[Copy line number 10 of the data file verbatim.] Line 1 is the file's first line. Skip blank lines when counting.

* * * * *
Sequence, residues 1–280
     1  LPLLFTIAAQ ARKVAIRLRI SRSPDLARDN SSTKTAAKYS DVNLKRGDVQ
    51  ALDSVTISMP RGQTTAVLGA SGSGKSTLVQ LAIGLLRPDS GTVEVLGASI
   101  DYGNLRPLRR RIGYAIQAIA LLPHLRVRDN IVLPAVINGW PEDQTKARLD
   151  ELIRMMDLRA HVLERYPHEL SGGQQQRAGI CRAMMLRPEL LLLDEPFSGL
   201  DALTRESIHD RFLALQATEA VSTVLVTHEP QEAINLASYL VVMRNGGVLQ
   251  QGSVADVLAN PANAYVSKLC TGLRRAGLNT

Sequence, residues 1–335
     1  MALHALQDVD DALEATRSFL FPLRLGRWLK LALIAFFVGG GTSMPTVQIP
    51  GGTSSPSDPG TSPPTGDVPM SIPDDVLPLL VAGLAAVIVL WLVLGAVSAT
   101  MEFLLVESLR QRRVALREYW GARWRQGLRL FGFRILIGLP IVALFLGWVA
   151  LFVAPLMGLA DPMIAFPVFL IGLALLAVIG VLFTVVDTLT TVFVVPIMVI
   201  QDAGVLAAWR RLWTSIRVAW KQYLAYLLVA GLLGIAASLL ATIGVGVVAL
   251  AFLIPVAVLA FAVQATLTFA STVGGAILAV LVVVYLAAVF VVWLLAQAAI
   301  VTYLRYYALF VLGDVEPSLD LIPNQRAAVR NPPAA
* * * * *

    51  GGTSSPSDPG TSPPTGDVPM SIPDDVLPLL VAGLAAVIVL WLVLGAVSAT